“If, after I depart this vale, you ever remember me and have thought to please my ghost, forgive some sinner and wink your eye at some homely girl.” – HL Mencken, The Smart Set
Joe Rein, who died last week, was more than a colleague and friend to the many people who have been paying tribute to him. He was also a fine writer, a conduit to the golden era of boxing, and a mentor to many.
Joe, who was seventy-seven, was a product of the old world who found his footing in the new one. Under the name ‘John Garfield’, he was a prodigious poster to the East Side Boxing and Check Hook Boxing forums. At the time of writing, there are threads on both with hundreds of comments on. Those posting agree on the same things – he was a gentleman, a scholar, and a paragon of decency. Rein did not argue with people on those boards, he spoke with them. When he disagreed, he did not insult. And when he spoke, we listened.
Joe and I were friends through email correspondence. It was a relationship that began in 2006 when a piece I wrote for The Sweet Science caught his eye. Joe emailed me and we stayed in regular contact over the years, sending each other stories, articles, and videos that we found interesting, whether they were related to boxing or not. When Joe wrote for Fight Beat, he took me with him and he sang my praises to the bosses there. He was a friend.
Joe had many stories that he let out incrementally. Everyone who heard his stories must have thought he had led the most interesting life. To Joe, though, it was just life. He loved to reminisce and posted thousands of times on forums, talking about all the fighters and fights he had been privy to. He was not boastful, though; he understood boxing and he understood silence. But when he wrote about his adventures, you wanted to hear more.
Through and through, Joe was a boxing guy. He trained at Stillman’s Gym in the forties and fifties. In 2008, he was asked about Sonny Liston. He gave this story: “I worked out in different gyms with Liston at various times, but can’t say I got to know him. He was a force-field of menace. We passed each other using various equipment but he never acknowledged me or anyone. So, one incident stays in my mind. While Sonny was shadow-boxing in ring one at Stillman’s, I was sparring in ring two with a big, promising pro welter, Tony DeCola, who was tryin’ to make a war of it to show off for the gym rats. I was much shorter, and little more than a lightweight. We were mixin’ it up, and he got careless, and I dropped him with a short right. After the session was over, I went to do my floor exercises and skip rope. Liston motioned to another boxer to give me room – even shared the space to skip rope to ‘Night Train’ —so outta character. It was a real rite of passage for me.”
Another time, he spoke fondly of his father. “When I was in high school, we had an awards dinner for the football team, and I asked my dad to come. Afterwards, the parents mingled. My dad never met a black person. We were from a tight-knit German-Irish-Ukrainian section. The father of a black player extended his hand to him in greeting, introducing himself. My dad said, ‘Joe Louis was a great fighter.’”
Joe, a born New Yorker, went on to The University of Miami. While there, he trained and fought out of Angelo Dundee’s 5th Street Gym. After army service, he went to work for The Miami Herald. It was not a great start to a career. “I covered a simple story: a man named John Smith was forced to flee his apartment in the middle of the night because of a fire. Except the address I listed was a house of prostitution and it was a different John Smith, who spelled his name ‘Jon Smyth.’” Having been fired from The Miami Herald, he went back to New York and ended up in advertising. That industry would form the core of his later career.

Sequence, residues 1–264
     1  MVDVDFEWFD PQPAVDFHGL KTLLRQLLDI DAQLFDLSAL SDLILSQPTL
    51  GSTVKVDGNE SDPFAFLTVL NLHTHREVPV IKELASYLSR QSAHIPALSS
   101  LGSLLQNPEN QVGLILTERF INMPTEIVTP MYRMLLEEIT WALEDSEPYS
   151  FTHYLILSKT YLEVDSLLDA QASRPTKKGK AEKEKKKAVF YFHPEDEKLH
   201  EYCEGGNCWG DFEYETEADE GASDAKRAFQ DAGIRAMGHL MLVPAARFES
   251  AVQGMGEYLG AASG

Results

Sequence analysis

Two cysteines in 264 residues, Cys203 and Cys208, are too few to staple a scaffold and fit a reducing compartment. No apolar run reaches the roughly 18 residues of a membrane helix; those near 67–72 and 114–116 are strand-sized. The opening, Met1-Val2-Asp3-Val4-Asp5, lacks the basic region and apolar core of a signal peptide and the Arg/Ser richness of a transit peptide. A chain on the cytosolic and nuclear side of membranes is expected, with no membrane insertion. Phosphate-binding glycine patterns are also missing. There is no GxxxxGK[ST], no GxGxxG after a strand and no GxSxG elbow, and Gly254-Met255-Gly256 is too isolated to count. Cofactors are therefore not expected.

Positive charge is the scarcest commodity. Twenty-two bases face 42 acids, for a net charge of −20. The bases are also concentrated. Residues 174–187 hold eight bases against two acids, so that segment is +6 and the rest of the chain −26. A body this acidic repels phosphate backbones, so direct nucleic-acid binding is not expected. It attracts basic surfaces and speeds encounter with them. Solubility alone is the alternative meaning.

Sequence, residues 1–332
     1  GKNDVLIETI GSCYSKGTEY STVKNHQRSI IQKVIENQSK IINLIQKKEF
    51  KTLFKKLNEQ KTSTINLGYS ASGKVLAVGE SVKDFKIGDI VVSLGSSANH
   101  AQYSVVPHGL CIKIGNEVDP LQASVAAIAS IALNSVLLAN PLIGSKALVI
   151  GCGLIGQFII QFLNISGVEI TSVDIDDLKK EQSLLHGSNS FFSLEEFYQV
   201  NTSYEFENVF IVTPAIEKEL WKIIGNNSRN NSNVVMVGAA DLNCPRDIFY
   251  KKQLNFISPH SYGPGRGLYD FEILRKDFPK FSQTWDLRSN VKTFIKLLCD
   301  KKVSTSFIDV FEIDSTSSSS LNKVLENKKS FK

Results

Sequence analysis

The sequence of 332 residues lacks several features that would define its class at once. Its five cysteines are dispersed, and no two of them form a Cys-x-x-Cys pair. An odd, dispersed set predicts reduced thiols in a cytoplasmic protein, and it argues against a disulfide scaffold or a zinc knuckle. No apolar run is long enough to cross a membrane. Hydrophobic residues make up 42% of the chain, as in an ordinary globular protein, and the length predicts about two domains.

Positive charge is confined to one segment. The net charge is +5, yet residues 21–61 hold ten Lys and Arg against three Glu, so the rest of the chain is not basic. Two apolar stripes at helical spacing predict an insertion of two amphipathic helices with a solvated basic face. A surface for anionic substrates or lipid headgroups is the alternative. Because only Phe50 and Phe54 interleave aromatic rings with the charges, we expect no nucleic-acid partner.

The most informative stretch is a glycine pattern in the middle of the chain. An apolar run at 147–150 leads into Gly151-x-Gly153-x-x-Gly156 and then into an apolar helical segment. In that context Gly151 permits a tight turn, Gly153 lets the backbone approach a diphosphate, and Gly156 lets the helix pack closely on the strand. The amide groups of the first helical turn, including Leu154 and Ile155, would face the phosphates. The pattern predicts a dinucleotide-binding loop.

“Mad Men is really special to me,” Joe once said. “It’s spot-on when I started in advertising in New York – the clothes, the sex, the smoking, the drinking, the whole nine yards. They watered Mad Men down. I lived every moment of it, and know all the characters they’re based on. The voluptuous office manager on the show was, in fact, an assistant producer for me.”
“Back in the sixties,” he said another time, “I had a big commercials shoot in Paris and I was stuck with a team I hated. So, I retreated into chocolate, (my drug of choice), and believe it or not, I went from 147lbs to 250lbs in six months, which is not all the becoming if you’re stretching to be 5’8″. They wouldn’t let me back through Customs because I didn’t look like my passport.”
How many people have anecdotes like that?
Joe had had some health problems in recent years and our correspondence, once regular, had faltered. We last spoke in August. I emailed him to see how things were and told him what was happening in my life. When I first came into contact with Joe in 2006, I was young, single, and living in Tokyo; now I am older, married, have a child, and live in Berlin. I went from writing for fanzines and websites to the front pages of USA Today and The Washington Times. Joe was privy to these changes. He offered his support in everything I did. He was there in the good times and the bad. I will miss him.
Last night, I tried to think of what piece of Joe’s work that would encapsulate him. He was a fine writer but the piece I’ve chosen is ‘Eloquent Boxing Fan’. It is a video Joe made back in 2008. It is of a guy hitting a speed-bag and just talking about boxing.
No, Joe did not write it.
No, he did not perform it.
It is not even what Joe did best.
But it is what he did: he found ordinary people and he showed them they could shine.
So on Friday night, I will go into the city to find a cheap and friendly bar somewhere that is dark and scuffed around the edges, where the drinks and conversations flow, and there I will take stock of Joe Rein, forgive a sinner, and wink at some homely girl.
Rest in peace, Joe.